Learning Environments Research

, Volume 19, Issue 2, pp 203–219 | Cite as

My Attitudes Toward Science (MATS): the development of a multidimensional instrument measuring students’ science attitudes

  • Susan J. HillmanEmail author
  • Stephan I. Zeeman
  • Charles E. Tilburg
  • Henrietta E. List
Original Paper


The number of students in the United States choosing science, technology, engineering or mathematics careers is declining at a time when demand for these occupations is rapidly increasing. Numerous efforts have been undertaken to reverse this trend, yet results are uncertain. One’s attitude is key to many choices one makes, and this includes, for many, what career is pursued. Hence, teachers, informal science educators and researchers often wish to measure children’s attitudes towards science using a pretest and a posttest to determine the effects of a curriculum, an activity or an intervention. However, measuring children’s attitudes toward science has been problematic because of both the limited use of basic psychometrics in checking reliability and validity of instruments and the lack of a single construct of students’ attitudes towards science being surveyed. This article reports the development and testing of an instrument for measuring students’ science attitudes across several dimensions. Thirty-two scientists and teachers from the northeastern and south central United States participated in content validity trials. The instrument was field tested with 549 children (92 elementary-school students, 327 middle-school students and 130 high-school students) from 6 rural and suburban school systems located in the northeastern United States to determine inter-item reliability for each dimension. The resulting instrument, entitled My Attitudes Toward Science (MATS), has 40 items that measure four dimensions: (1) Attitude towards the subject of science; (2) Desire to become a scientist; (3) Value of science to society; and (4) Perception of scientists. The MATS, as a multidimensional instrument, can measure several facets of students’ attitude toward science and is designed to be used across grades levels and to be scored easily.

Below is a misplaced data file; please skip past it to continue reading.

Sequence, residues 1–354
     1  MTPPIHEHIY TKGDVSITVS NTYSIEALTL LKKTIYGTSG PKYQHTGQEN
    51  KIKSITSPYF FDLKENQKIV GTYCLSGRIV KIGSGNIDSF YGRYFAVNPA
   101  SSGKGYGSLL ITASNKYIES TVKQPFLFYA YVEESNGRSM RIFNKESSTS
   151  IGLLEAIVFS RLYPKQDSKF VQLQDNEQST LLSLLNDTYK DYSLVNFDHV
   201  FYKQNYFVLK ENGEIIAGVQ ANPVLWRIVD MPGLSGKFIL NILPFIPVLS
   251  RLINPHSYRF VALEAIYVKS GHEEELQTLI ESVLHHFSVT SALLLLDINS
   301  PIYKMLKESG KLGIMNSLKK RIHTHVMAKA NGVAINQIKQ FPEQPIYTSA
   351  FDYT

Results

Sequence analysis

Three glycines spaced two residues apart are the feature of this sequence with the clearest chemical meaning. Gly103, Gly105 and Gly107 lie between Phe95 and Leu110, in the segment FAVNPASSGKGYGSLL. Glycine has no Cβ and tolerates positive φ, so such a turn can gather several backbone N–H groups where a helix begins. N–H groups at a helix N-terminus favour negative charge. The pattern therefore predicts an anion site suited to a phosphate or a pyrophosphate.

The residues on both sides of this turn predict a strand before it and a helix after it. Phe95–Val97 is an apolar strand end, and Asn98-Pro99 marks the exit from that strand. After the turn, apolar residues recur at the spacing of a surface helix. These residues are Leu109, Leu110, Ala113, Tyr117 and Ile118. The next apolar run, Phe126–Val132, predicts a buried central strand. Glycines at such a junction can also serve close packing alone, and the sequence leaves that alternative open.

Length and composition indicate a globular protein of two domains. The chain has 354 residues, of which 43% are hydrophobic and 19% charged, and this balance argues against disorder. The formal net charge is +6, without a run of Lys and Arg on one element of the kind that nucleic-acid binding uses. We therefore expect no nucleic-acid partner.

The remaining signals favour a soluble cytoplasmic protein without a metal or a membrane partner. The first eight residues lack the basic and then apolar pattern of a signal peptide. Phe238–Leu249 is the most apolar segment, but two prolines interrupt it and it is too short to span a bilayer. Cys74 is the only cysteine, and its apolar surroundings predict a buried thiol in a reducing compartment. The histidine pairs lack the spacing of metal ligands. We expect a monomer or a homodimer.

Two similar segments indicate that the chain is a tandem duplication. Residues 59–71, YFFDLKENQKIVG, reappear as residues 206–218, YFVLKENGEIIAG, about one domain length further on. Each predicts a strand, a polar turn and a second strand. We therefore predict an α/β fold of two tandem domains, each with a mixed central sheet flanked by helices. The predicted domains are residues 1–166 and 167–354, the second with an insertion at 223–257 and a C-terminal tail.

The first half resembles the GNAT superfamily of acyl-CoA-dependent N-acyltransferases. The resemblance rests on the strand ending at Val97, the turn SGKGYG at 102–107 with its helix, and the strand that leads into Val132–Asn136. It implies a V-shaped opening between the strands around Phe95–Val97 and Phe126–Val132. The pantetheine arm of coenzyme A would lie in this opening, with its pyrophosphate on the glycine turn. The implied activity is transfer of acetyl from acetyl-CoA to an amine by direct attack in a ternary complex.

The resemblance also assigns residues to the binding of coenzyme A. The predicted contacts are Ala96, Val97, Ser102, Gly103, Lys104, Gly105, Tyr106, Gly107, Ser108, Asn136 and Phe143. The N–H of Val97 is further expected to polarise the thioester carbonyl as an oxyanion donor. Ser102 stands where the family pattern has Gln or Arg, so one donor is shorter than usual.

Assessment Evaluation Instrument development K–12 education Science attitudes 



This work was supported by the National Science Foundation [DGE-0841361]. We thank the teachers and fellows from the Flowing Waters and the SPartACUS GK-12 programs for their collaboration.


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Copyright information

© Springer Science+Business Media Dordrecht 2016

Authors and Affiliations

  • Susan J. Hillman
    • 1
    Email author
  • Stephan I. Zeeman
    • 2
  • Charles E. Tilburg
    • 2
  • Henrietta E. List
    • 2
  1. 1.Department of EducationUniversity of New EnglandBiddefordUSA
  2. 2.Department of Marine SciencesUniversity of New EnglandBiddefordUSA

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